Hwange Colliery exploration deal in limbo


Hwange Colliery Company Limited (HCCL) administrator Bekithemba Moyo is focusing more on underground mining to turn around the fortunes of the miner throwing into doubt a deal which could have seen a Dutch firm carry out exploration works, it emerged this week.

Negotiations with Dutch firm, Fugro Earth Resources—which was awarded the exploration contract in 2017 and was yet to start geological investigations at the new concessions in Western areas in Hwange and Lubimbi East and West—had been suspended after HCCL was put under receivership last year. Hwange was granted the new concessions by
government in 2015.

Well-placed sources at the tri-listed miner told Business Times that the deal has stalled. The administrator, impeccable sources said, was focusing on production, in an attempt to turn the company’s fortunes around.

HCCL is listed on Zimbabwe Stock Exchange, London and Johannesburg stock exchanges.

“The administrator is focusing on production and new projects including the exploration of new concessions have been frozen out,” one source said.

Another source said: “We are focusing on production at the moment as we try to turn around the company.”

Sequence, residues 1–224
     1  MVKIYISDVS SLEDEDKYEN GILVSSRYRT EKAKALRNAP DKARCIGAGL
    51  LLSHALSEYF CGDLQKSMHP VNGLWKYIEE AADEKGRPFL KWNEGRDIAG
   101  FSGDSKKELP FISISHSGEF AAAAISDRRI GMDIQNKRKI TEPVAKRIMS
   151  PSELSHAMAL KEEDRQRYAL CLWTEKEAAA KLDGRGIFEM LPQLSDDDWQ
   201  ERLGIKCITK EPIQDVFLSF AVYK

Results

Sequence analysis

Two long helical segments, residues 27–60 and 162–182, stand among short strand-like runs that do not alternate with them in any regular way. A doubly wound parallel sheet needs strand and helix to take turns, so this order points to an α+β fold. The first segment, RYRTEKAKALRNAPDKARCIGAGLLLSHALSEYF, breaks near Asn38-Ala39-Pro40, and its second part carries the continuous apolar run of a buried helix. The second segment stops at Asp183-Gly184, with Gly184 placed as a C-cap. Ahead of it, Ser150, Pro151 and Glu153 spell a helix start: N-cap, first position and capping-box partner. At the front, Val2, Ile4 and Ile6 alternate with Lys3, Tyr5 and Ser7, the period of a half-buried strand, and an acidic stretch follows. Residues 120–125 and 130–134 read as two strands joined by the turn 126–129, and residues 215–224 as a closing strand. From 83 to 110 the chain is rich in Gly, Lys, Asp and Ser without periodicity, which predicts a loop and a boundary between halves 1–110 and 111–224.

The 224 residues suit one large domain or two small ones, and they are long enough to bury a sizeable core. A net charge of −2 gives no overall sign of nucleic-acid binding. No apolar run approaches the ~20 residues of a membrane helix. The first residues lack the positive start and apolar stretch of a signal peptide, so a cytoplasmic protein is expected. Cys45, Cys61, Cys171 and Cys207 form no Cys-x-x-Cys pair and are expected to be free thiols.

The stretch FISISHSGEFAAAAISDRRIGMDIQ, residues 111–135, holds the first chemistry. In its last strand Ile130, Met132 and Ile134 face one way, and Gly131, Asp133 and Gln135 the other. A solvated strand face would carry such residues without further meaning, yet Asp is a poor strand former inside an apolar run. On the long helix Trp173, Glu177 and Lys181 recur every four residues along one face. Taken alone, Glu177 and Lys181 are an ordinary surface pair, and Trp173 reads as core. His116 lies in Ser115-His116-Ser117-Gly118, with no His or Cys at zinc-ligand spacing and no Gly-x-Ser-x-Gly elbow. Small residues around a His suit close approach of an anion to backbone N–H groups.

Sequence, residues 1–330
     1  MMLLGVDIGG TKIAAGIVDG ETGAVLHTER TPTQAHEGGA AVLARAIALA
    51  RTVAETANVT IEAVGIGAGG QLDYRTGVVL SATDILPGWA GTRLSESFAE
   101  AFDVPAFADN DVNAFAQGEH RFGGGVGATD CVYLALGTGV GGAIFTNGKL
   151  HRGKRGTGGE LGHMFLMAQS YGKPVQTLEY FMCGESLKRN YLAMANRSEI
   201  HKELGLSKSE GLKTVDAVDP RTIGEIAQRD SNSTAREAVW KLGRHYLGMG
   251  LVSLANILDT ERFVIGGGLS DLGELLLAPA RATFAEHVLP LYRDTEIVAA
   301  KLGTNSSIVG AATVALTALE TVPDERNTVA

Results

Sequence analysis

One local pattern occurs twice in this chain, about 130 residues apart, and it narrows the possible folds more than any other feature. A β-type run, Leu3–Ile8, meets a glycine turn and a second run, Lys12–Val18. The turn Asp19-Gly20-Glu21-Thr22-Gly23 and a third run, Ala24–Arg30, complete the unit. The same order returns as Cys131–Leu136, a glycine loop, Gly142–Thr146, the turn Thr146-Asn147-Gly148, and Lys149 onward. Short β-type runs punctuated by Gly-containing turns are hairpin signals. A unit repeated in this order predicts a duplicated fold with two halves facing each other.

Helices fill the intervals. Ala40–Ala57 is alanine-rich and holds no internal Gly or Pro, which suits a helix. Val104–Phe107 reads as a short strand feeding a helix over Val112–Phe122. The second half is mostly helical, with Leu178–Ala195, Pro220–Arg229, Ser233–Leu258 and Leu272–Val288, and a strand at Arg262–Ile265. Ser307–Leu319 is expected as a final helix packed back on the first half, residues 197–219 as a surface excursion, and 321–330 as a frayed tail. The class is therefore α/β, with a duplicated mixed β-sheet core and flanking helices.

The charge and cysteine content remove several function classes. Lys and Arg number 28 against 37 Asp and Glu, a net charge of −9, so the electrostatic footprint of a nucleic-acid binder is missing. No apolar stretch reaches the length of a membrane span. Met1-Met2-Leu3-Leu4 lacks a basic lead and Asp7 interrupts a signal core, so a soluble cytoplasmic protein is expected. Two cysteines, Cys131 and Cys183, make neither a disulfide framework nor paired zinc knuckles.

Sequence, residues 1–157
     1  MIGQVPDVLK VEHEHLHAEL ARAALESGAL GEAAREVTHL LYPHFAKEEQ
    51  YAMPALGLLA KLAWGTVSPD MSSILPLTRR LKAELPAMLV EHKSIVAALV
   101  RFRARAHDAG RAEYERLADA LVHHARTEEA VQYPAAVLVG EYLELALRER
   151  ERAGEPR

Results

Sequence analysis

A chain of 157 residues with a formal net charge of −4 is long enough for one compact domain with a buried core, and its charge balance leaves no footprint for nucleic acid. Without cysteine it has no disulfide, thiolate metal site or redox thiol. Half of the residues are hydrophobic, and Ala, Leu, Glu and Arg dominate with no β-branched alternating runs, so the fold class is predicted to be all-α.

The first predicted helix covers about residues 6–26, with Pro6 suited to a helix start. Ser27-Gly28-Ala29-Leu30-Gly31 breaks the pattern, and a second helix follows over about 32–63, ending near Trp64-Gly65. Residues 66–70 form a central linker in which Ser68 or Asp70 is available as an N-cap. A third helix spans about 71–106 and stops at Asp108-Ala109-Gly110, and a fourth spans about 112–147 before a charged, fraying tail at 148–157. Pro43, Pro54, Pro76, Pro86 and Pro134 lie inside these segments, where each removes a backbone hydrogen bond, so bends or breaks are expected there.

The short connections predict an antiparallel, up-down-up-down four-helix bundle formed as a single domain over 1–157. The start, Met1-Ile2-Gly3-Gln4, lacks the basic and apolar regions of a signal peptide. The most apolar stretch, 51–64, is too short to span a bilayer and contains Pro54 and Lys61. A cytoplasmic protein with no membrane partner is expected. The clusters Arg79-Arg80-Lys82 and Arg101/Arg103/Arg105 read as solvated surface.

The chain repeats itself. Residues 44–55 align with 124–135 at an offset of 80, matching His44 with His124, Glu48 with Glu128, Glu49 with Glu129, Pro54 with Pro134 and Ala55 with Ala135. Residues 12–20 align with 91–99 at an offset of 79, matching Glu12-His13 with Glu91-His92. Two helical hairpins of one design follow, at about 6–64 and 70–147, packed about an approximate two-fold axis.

Contacted for comment Hwange’s assistant administrator, Munashe Shava, referred all questions to Moyo who could not be reached for comment.

Hwange used to enjoy a monopoly in coal production in the country until the emergence of other players such as Makomo Resources, Coal Brick and Chilota Colliery in 2010, which chipped off its market share.

Mining experts said the revival of the troubled miner depended on the exploration of the three concessions namely Western Areas, Lubimbi East and West, because the current resources at its open cast concessions are on the verge of depletion.

The new concessions are expected to increase the life of the mine by about 70 years. It is understood that the new mining concessions hold deposits in excess of one billion tonnes of coal consisting of both coking and thermal coal at the Western Areas and Lubimbi West.

According to a preliminary report, Lubimbi East concession has coal-bed methane gas. Hwange’s underground operations have, however, a much longer mine life than its open cast concessions.

Hwange’s financial performance for the year to December 2018 worsened, with losses widening to ZWL$78,4 million from ZWL$43,8 million
reported in the previous year.

This was largely as a result of the impairment of some assets, as well as subdued coal prices against increased input costs.

Revenue, however, increased by 27% to ZWL$69,1 million during the period under review from ZWL$54,5m in 2017, attributable to an increase in sales volume to 1,5 million tonnes in 2018, up from 1,2 million tonnes sold in the previous year.


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